Sunday 17 March 2024

Sunday Serial, 240 x 70, Gill James, 8. Clouds 5 June 2018, rain water,

A clear blue sky.  Great wide chimneys belch out what they say is only steam.   A threatening black spreads across the sky, obscuring the sun.  Oh the irony. The sun gives us life and warmth and light. We create this power to run, heaters, light bulbs and machines that save lives.  When everything else goes wrong the sun carries on shining.   Except it doesn’t now because we have covered it up.  We’re putting out the sun.   

Mary Phillips could not breathe. She could not quite get her oxygen mask to her mouth in time. She died uncomfortably at 4.30 p.m.

Robby McArthur had given up the fags ten years ago but still had a hacking cough. During a coughing fit he lost control of his lorry on the M6 and ploughed into the crash barrier.  The lorry jack-knifed. He was killed instantly.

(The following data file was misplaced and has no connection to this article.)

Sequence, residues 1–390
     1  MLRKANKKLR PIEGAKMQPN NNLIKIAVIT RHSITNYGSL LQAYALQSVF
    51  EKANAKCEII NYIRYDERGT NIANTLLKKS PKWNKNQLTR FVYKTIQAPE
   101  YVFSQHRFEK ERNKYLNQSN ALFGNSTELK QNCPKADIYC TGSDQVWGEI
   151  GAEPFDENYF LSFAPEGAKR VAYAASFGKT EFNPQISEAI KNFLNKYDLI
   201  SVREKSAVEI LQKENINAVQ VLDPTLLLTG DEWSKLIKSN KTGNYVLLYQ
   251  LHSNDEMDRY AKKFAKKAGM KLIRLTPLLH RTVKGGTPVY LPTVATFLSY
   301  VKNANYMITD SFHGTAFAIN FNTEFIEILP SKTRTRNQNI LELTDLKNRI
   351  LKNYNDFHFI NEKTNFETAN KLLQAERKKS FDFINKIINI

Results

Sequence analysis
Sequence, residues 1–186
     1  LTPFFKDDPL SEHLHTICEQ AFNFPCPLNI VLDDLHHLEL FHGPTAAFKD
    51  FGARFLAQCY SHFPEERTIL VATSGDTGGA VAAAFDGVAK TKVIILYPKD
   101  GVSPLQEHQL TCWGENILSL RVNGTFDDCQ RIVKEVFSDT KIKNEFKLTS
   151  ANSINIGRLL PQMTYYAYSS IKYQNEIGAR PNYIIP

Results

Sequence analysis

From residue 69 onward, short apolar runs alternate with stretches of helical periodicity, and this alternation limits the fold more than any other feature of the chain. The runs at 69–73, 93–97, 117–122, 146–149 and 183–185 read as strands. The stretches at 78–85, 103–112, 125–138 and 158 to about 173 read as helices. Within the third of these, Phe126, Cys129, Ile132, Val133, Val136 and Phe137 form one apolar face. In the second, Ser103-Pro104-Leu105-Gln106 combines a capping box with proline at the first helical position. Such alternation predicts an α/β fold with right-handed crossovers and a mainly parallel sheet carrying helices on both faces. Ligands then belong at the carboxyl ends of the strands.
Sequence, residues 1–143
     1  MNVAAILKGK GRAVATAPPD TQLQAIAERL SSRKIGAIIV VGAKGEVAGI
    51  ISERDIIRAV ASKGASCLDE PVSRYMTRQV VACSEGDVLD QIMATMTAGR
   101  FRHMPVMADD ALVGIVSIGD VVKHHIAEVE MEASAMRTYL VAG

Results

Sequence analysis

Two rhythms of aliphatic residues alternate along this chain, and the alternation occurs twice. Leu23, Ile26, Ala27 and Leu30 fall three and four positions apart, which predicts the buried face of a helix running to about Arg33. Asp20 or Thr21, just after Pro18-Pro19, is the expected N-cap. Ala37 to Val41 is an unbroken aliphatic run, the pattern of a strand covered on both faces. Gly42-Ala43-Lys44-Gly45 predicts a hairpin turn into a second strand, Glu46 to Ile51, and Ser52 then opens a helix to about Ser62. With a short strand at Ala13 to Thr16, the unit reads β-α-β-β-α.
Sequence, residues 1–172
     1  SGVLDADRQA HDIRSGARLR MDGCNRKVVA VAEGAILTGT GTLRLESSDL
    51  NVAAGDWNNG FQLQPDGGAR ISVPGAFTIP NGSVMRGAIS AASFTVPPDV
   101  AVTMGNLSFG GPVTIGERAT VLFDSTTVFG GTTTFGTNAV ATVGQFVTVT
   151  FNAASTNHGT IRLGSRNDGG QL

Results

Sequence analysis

Farmer Peter Robinson’s crop failed because there weren’t enough sunny days. He couldn’t pay his bills. When the bailiffs came, his wife and daughters left in a hurry.  He tried to hang himself from the old oak tree in the top field but fortunately – or unfortunately – it was dying and the branch broke. 

It carried on going wrong. The squirrels and the birds in Mary’s garden realise there was something amiss. The flowers they left for Robby wilted. Peter never saw his family again.  It never came right.

No one was aware of the main problem, though: the trees were all dying and soon would no longer be able to turn carbon dioxide into oxygen. And that the sun had had enough of the folly of the human race and had decided to look for a new home.            


About the author

Gill James is published by The Red Telephone, Butterfly and Chapeltown.  

She edits CafeLit and writes for the online community news magazine: Talking About My Generation.

She is a Lecturer in Creative Writing and has an MA in Writing for Children and PhD in Creative and Critical Writing.


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